Children with serious behaviour problems are difficult to parent. Parenting practices that are very effective with other children in the family may not work for these children. Parents may find it hard to provide the extra structure and support that these children need, especially if they are also experiencing a range of social or personal problems themselves. Schools find it difficult to manage repeated rule breaking and aggressive behaviour. As a result of disciplinary problems and failure to be successful at school, children may become disengaged with school, adding to the risk of negative outcomes.

When this cycle of problems is not addressed it can have severe long term consequences for children’s mental health and their social adjustment, as shown in the figure below. (Click to open larger image in a new window.)

Chart showing progression of serious behaviour problems to long term impacts when not addressed

Serious behaviour problems and diagnosis of a mental disorder

When children show persistent and extreme patterns of disruptive behaviours they may be diagnosed by mental health professionals as having a Disruptive Behaviour Disorder. There is debate amongst professionals as to the usefulness of diagnosing Disruptive Behaviour Disorders. Some experts are concerned that mental health labels can cause children to be stigmatised. They argue that the strategies for assisting children with serious behaviour problems are the same for those whose problems may be less severe. They feel that the diagnosis can lead others to see the child rather than the behaviour as the problem. Such negative evaluations can be a significant obstacle to effective treatment of children with behaviour problems.

Other mental health professionals say that the diagnosis helps to identify those children who are most in need of additional help. They argue that early identification and specialist intervention for Disruptive Behaviour Disorders is necessary particularly because these disorders can have very serious long term consequences if not addressed early.

The two main diagnostic categories for severe behaviour problems are Oppositional Defiant Disorder and Conduct Disorder. Attention Deficit Hyperactivity Disorder (ADHD) is also sometimes included as a third category (see KidsMatter resource sheets Children with ADHD for more information).

What would you notice in a child with Oppositional Defiant Disorder (ODD)?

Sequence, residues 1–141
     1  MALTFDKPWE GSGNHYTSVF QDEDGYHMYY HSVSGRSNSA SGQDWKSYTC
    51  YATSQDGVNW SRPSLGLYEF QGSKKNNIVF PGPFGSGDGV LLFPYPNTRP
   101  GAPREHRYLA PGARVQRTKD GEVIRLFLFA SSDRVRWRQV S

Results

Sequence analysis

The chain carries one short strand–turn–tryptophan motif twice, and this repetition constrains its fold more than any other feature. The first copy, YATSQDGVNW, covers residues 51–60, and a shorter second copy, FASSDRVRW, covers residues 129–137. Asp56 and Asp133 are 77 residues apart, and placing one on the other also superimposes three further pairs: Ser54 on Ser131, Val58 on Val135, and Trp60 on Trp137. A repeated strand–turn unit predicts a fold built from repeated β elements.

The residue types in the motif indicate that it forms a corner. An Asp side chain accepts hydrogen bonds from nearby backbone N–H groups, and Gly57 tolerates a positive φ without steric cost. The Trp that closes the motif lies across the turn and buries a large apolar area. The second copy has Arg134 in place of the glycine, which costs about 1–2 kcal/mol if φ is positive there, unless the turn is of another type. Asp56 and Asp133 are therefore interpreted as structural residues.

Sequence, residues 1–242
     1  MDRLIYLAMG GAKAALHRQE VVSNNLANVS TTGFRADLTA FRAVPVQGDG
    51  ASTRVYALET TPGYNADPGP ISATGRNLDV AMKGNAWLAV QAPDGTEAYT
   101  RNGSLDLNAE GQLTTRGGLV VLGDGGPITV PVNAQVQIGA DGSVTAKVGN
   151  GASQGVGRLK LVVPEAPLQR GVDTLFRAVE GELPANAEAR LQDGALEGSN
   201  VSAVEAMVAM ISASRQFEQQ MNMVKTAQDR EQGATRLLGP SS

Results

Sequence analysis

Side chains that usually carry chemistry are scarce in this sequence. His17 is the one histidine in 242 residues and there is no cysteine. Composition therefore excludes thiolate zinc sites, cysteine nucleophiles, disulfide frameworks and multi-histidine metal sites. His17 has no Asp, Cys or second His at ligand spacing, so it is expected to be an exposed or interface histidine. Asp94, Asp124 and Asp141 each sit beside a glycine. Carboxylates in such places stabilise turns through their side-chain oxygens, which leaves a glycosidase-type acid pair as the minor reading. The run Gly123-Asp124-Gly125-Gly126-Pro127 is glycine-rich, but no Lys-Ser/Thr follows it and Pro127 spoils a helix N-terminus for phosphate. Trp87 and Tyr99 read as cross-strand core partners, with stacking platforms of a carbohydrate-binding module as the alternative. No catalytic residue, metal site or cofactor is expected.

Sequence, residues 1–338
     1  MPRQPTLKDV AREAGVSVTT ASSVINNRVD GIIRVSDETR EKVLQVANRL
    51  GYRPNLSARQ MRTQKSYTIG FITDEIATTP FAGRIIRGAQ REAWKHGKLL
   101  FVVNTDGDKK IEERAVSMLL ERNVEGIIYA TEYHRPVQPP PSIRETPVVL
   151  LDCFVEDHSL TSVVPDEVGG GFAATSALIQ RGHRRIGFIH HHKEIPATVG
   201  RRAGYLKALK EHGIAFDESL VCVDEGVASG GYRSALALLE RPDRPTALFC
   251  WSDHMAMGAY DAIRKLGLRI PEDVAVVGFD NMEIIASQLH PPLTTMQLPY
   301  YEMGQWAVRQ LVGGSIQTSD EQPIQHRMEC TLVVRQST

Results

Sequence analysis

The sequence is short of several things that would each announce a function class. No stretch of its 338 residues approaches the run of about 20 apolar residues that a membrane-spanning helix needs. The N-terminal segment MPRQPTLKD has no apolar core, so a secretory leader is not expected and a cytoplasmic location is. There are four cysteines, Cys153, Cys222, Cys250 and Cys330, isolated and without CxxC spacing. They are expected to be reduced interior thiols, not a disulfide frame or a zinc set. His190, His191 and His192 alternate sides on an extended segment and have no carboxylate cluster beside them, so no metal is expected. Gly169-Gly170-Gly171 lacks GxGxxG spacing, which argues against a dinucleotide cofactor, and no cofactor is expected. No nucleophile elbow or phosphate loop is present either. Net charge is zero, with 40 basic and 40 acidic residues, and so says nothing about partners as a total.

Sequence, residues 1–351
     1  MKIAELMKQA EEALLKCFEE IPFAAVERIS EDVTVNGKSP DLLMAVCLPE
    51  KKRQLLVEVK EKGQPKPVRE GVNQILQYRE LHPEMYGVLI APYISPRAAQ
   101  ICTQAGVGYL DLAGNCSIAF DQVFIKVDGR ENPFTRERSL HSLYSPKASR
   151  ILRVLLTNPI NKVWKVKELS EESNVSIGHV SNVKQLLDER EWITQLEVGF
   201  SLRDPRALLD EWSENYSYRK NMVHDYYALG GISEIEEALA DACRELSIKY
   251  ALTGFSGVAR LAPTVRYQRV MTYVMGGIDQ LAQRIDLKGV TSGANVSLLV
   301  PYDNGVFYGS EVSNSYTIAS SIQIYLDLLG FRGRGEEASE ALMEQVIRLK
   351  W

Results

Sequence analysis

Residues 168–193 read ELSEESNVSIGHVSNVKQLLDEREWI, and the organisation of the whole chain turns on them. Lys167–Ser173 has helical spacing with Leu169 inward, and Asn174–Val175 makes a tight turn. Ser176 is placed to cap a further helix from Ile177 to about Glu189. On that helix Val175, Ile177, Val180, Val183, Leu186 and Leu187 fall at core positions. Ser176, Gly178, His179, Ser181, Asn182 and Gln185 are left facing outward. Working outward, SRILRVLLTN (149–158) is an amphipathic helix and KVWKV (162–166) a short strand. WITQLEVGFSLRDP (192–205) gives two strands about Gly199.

Oppositional Defiant Disorder (ODD) is described as a pattern of thinking and behaving that is impulsive and reactive. Children given this label may:

  • argue constantly with adults
  • refuse to carry out requests or conform to rules
  • blame others for their mistakes or misbehaviour
  • have frequent temper tantrums and show resentment
  • behave in a negative, hostile way towards authority figures
  • deliberately annoy others
  • be quick to react when others annoy them.

What would you notice in a child with Conduct Disorder (CD)?

Conduct Disorder (CD) is not usually diagnosed in primary school- aged children. CD is more commonly seen in adolescence when behaviours that were of concern at a younger age have grown to a more serious level. Children and adolescents are diagnosed with CD when:

1. They bully others, start fights, assault others using a weapon, or show cruelty to animals.
2. They deliberately destroy, vandalise or set fire to the property of others.
3. They use deceit. They may steal, shoplift, lie or cheat to manipulate others
4. They break important rules. They may evade school, stay out late without permission, or run away from home. Often they get into trouble with the law.

Diagnosis of these disorders is only made when the behaviours occur far more frequently and are at a more severe level than for other children of the same age, when they interfere seriously with relationships with other children of the same age, when they interfere seriously with relationships with others at home or at school, and when they cause ongoing disruption to learning and to the community around them. They are more common in boys than in girls. Conservative estimates suggest that approximately 3% of 6-17 year olds in Australia, or 95,000 young people, have CD.

Disruptive Behaviour Disorders and other mental health problems

When children have Oppositional Defiant Disorder (ODD) or Conduct Disorder (CD) they often have Attention Deficit Hyperactivity Disorder (ADHD) as well. Being impulsive is a common feature in all three of these disorders. It has been estimated that around one third of young people with CD also have ADHD. One in five young people with CD is depressed. When plans to help are devised, it is important that these and other co-occurring problems are taken into account.